Towards the end of August 1950, Queensland climbers Bob Waring and Jon Stephenson set off to climb the first new route in Queensland since Bert Salmon and Cliff Wilson made the first descent of the West Face of Crookneck in 1934. Their destination was a series of rhyolite outcrops in the Main Range near Killarney, southwest of Brisbane, called The Steamers. Waring had developed a reputation for being equally daring either climbing a cliff face or riding his Norton motorbike. Some years after leaving Queensland, he entered a motorcycle TT race around the Isle of Mann and was shattered when he was forced to withdraw with mechanical problems! But back in Queensland in 1950, there was a new challenge for Waring, as he recalled:
The next challenge arose from the rumours that a prize of a hundred pounds had been offered in the previous century by the Emu creek sawmill for the first ascents of the Steamers, and was never claimed. This encouraged Jon Stephenson and I to plan an assault on the Mast, considered the easier one of the three. A few weeks later, carrying my new 3/4" sisal rope and mounted on my 1941 unsprung Model 18 Norton, we rattled up to Warwick and turned left for Emu Creek. Some hours later, after many creek crossings, mostly of the wet variety, we staggered into an abandoned loggers hut, and the following morning proceeded up to its western end. To make any progress this required throwing our ropes down top of the dense scrub and walking on them, as we approached the rock walls from the shaded south side.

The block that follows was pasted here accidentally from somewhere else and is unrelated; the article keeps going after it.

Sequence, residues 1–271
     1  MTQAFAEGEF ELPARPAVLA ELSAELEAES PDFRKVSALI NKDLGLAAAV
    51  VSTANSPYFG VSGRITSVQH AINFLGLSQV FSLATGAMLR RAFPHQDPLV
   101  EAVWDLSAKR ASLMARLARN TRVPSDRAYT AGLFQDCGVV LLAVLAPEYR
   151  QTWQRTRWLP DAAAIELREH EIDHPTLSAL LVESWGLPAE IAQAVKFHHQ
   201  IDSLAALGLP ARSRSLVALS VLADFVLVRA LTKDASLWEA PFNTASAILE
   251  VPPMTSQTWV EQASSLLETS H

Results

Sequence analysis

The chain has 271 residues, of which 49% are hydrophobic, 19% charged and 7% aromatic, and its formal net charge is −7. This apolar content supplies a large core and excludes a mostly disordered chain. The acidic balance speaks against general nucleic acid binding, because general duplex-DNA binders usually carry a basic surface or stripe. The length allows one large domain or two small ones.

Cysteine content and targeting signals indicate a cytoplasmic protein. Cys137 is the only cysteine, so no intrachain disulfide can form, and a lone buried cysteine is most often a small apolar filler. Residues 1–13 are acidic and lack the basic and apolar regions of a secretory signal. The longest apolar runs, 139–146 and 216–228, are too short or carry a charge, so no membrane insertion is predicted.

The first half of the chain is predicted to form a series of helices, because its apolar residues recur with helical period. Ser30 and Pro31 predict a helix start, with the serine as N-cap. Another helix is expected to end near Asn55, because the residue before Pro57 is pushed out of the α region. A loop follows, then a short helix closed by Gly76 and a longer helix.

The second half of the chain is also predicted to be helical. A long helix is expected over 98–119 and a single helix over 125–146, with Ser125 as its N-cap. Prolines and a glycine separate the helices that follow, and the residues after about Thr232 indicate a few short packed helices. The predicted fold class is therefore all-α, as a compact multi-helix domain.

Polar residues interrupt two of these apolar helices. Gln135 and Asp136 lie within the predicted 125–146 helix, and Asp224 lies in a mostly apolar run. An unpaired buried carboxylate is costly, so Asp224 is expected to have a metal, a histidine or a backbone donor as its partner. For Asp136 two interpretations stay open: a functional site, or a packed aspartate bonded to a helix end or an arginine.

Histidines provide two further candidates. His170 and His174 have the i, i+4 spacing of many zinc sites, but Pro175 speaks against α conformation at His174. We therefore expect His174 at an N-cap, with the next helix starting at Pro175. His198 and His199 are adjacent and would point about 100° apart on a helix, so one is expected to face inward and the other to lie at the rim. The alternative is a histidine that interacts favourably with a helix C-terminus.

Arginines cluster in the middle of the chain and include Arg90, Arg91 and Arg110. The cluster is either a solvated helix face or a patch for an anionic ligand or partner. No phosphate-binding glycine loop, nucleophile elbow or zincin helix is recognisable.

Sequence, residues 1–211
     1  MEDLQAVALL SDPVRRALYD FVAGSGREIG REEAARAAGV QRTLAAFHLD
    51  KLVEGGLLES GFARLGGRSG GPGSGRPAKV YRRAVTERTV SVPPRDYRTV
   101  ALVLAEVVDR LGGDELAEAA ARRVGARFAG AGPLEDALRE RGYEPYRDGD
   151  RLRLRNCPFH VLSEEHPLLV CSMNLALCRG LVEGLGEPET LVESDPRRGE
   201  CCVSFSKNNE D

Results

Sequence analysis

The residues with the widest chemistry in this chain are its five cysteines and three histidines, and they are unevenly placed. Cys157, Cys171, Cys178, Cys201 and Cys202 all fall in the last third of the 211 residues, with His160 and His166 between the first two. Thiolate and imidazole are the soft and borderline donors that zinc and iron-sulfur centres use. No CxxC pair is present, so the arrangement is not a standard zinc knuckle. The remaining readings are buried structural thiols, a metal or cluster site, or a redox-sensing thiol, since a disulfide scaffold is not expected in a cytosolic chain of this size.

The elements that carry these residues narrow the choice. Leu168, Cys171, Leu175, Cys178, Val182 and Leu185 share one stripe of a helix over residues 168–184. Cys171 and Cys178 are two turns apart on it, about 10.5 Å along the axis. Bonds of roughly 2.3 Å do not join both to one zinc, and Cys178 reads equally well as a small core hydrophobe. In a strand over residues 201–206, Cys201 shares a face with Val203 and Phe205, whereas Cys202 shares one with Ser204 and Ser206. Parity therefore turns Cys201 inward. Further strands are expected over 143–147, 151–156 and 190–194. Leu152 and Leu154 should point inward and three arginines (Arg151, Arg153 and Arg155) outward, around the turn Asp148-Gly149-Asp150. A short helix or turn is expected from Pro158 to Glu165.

Jon Stephenson remembers Waring as a ‘somewhat radical’ engineering student and takes up the story:
One of his youthful pastimes had been climbing trees, and he had amazing agility on cliffs and seemed to be quite unaware of exposure. No one seemed to have climbed the Steamers, including the Mast and the Funnel. So we went up on Bob's motorbike for 2 days. We swarmed up to the Mast, and Bob (pictured above) proceeded to climb to the top at great speed up the west buttress. I followed and felt concern as I got higher. I had an incident with a loose slab but eventually got to the summit to join Bob. I had a rope and he protected me coming down. I recall we startled a rock wallaby which sprang off to its death. In the afternoon we had a look at the Funnel, using a great rock flake with a chimney behind it, north and west of the huge east buttress. At the top of the flake, Bob started traversing along a ledge to the west and believed he could see a good route ahead around the corner. I’d had enough after my scare on the Mast. I seem to recall urging Bob to make a second visit to protect himself with a companion. We returned to Brisbane on the bike.
Picture: Bob Waring on the summit of The Mast, 1st ascent 1950. Bob Waring collection.